Laurie Anderson is an American avant-garde artist, composer, musician, writer, inventor, and filmmaker whose work spans performance art, pop music, and multimedia projects. Initially trained in violin and sculpting, Anderson pursued a variety of performance art projects in New York during the 1970s, focusing particularly on language, technology, and visual imagery. She became more widely known outside the art world when her song O Superman reached number two on the UK singles chart in 1981. Anderson’s debut album Big Science was released in 1982 and has since been followed by a number of studio and live albums. She starred in and directed the 1986 concert film Home of the Brave. Anderson’s creative output has also included theatrical and documentary works, voice acting, art installations, and a CD-ROM. She is a pioneer in electronic music and has invented several musical devices that she has used in her recordings and performance art shows.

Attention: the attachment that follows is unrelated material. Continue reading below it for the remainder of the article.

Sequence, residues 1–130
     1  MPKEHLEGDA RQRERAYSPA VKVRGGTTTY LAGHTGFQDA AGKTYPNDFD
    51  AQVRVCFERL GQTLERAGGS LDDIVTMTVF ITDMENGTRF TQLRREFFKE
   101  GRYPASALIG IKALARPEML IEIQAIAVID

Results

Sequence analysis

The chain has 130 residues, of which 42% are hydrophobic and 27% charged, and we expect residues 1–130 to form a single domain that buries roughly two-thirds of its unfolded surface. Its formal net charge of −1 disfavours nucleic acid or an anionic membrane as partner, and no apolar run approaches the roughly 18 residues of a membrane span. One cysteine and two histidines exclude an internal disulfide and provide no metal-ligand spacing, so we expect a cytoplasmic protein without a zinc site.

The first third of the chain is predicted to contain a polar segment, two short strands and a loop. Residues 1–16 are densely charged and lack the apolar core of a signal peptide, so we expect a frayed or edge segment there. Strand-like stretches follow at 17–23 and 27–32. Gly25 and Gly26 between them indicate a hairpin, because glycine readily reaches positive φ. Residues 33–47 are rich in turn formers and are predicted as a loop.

Her visual work has been featured in many galleries and museums including in 2003, the Musée d’art contemporain de Lyon in France produced a touring retrospective of her work entitled “The Record of the Time: Sound in the Work of Laurie Anderson”. In 2010 a retrospective of her visual and installation work opened in São Paulo, Brazil and later traveled to Rio de Janeiro.
Her artworks is on long term display at Massachusetts Museum of Contemporary Art MASS MoCA. Her three virtual reality works, “Chalkroom”, “Aloft”, and “To The Moon”, collaborations with the artist Hsin-Chien Huang, were featured in the Cannes Film Festival in 2019 and won several awards including Best VR Experience at the 74th Venice International Film Festival in 2017. Her life partner as well as her collaborator was Lou Reed from 1992 onward. They married in 2008 and worked on numerous projects together until his death in 2013. Anderson lives in New York City.

Photo: Tim Knox